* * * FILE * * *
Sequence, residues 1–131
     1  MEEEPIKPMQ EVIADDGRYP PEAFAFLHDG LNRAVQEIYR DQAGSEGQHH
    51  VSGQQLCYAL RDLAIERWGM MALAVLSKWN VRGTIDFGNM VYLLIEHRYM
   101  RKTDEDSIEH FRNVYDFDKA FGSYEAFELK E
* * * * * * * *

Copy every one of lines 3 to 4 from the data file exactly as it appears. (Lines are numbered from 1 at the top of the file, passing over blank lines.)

    51  VSGQQLCYAL RDLAIERWGM MALAVLSKWN VRGTIDFGNM VYLLIEHRYM
   101  RKTDEDSIEH FRNVYDFDKA FGSYEAFELK E